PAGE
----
Definitions

from The American Heritage® Dictionary of the English Language, 5th Edition.

  • adjective Exhibiting or feeling great or offensive satisfaction with oneself or with one's situation; self-righteously complacent.

from The Century Dictionary.

  • Smooth; sleek; neat; trim; spruce; fine: also, affectedly proper; unctuous; especially, affectedly nice in dress; satisfied with one's own appearance; hence, self-satisfied in any respect.
  • Affectedly or conceitedly smart.
  • noun One who is affectedly proper and nice; a self-satisfied person.
  • To confiscate summarily, as boys used to confiscate tops, marbles, etc., when the game was played out of season.
  • To hush up.
  • To make smug or spruce: often with up.
  • noun A smith.

from the GNU version of the Collaborative International Dictionary of English.

  • adjective Studiously neat or nice, especially in dress; spruce; affectedly precise; smooth and prim.
  • transitive verb obsolete To make smug, or spruce.

from Wiktionary, Creative Commons Attribution/Share-Alike License.

  • adjective Irritatingly pleased with oneself; self-satisfied.
  • verb obsolete, transitive To make smug, or spruce.

from WordNet 3.0 Copyright 2006 by Princeton University. All rights reserved.

  • adjective marked by excessive complacency or self-satisfaction

Etymologies

from The American Heritage® Dictionary of the English Language, 4th Edition

[Perhaps akin to Low German smuck, neat, from Middle Low German, from smucken, to adorn.]

from Wiktionary, Creative Commons Attribution/Share-Alike License

From Middle Low German smuk ("neat, trim, spruce, elegant, fair"), from Middle High German gesmuc ("ornament"), from smücken ("to ornament, adorn, originally to dress"), a secondary form of Middle High German smiegen ("to creep into, hence to put on (a garment)"); see smock.

Examples

  • The same may be said of ‘sconce’, in this sense at least; of ‘nowl’ or ‘noll’, which Wiclif uses; of ‘slops’ for trousers (Marlowe’s _Lucan_); of ‘cocksure’ (Rogers), of ‘smug’, which once meant no more than adorned (“the _smug_ bridegroom”, Shakespeare).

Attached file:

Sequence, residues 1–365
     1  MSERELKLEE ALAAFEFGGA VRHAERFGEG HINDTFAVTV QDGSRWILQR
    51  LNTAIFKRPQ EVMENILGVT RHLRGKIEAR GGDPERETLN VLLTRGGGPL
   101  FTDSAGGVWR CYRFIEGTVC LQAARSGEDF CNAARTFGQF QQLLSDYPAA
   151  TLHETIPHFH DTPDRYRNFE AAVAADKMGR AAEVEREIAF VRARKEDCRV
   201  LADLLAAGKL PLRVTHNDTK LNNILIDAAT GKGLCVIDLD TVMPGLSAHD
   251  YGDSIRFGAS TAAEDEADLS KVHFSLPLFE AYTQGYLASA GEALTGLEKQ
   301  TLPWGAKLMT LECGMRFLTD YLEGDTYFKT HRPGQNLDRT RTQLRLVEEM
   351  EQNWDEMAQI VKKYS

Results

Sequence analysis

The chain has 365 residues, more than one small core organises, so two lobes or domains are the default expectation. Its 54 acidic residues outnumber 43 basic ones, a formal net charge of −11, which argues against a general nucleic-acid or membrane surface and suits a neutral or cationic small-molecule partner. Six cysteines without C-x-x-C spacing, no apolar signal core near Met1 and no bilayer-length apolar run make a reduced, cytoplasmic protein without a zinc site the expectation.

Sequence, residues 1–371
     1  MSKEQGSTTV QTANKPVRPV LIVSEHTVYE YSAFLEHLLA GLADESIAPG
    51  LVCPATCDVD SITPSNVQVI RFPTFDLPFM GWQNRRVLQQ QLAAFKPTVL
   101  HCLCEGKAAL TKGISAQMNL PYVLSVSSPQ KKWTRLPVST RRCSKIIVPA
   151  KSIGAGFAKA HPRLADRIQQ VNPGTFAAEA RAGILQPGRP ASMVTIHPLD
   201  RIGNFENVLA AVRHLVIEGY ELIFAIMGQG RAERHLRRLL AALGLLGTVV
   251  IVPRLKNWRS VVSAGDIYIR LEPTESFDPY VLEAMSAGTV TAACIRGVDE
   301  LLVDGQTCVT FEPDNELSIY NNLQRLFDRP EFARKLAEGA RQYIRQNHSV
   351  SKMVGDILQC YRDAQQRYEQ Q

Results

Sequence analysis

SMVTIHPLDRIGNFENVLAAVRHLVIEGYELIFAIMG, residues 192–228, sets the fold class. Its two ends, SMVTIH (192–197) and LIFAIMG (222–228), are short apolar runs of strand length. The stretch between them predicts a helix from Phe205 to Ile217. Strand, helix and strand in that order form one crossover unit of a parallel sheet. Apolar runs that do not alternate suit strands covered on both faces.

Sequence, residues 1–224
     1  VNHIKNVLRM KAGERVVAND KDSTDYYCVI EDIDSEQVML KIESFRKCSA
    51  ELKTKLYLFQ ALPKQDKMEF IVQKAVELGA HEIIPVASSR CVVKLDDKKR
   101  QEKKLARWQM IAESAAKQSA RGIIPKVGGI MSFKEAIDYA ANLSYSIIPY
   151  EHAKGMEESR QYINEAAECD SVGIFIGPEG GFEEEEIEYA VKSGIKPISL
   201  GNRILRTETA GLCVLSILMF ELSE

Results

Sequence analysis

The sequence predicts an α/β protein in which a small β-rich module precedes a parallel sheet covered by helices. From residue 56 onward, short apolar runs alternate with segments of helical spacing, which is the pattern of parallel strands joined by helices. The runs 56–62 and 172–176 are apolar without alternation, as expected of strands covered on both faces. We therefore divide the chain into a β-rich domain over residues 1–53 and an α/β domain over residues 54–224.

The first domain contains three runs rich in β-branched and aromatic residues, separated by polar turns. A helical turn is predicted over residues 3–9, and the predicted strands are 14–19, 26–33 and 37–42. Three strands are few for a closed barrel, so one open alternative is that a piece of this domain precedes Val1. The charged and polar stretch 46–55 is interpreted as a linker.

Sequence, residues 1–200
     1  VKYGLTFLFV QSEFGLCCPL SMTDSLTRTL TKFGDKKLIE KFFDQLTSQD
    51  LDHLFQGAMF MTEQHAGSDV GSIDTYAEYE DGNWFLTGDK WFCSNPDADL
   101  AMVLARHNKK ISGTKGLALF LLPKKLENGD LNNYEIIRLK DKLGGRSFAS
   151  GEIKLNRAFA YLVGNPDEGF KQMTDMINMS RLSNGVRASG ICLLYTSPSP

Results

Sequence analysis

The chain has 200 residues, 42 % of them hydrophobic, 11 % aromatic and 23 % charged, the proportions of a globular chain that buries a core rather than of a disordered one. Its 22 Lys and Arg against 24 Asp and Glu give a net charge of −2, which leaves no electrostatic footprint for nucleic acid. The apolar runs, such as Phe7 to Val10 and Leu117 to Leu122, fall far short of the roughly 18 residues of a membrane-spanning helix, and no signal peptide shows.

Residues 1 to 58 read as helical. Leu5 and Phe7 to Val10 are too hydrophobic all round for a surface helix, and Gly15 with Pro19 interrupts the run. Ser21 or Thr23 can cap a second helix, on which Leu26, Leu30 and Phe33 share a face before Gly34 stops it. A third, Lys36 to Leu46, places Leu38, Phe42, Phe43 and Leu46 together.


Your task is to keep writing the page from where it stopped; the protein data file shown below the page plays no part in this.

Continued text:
English Past and Present

  • Every time Mr. Gogan saw me smile at a customer, he seemed so pleased with himself I worried that his face might freeze in an expression of smug exhilaration.

    How to Flirt with A Naked Werewolf

  • The kind old world spins on, and the bourgeois masters clip their coupons in smug complacency.

    WANTED: A NEW LAW OF DEVELOPMENT

  • But smug is smug, and what can I say – I like to call out the smug at times.

    A Pat on the Back for Matzke

  • Every time Mr. Gogan saw me smile at a customer, he seemed so pleased with himself I worried that his face might freeze in an expression of smug exhilaration.

    How to Flirt with A Naked Werewolf

  • There it will lay, because while smug is annoying, it's not THAT big a deal.

    A Pat on the Back for Matzke

  • Every time Mr. Gogan saw me smile at a customer, he seemed so pleased with himself I worried that his face might freeze in an expression of smug exhilaration.

    How to Flirt with A Naked Werewolf

  • Every time Mr. Gogan saw me smile at a customer, he seemed so pleased with himself I worried that his face might freeze in an expression of smug exhilaration.

    How to Flirt with A Naked Werewolf

  • Every time Mr. Gogan saw me smile at a customer, he seemed so pleased with himself I worried that his face might freeze in an expression of smug exhilaration.

    How to Flirt with A Naked Werewolf

  • You are right that we are in a phoney war now though and being to smug is probably not a good idea

    Poltical Language ( Ask the Focus Group )

Comments

New comments are temporarily disabled while we update our database.

  • The pollution of self-righteous arrogance. As seen on Facebook:

    "Do you care about your enviroment????? Everytime you give a hippie credit he releases smug into the atmosphere!"

    "If I'm not mistaken you can only release smug by driving a hybrid vehicle."

    "and living in san francisco"

    "And attending a George Clooney speach"

    September 27, 2007

  • Oh, classic.

    September 27, 2007

  • Gums in reverse.

    November 3, 2007

  • A Range Rover stopped outside our door

         in a smug Shropshire village;

    out steps our local Councillor,

         first-class shit.

    - Peter Reading, Eclogue, from Tom O' Bedlam's Beauties, 1981

    June 28, 2008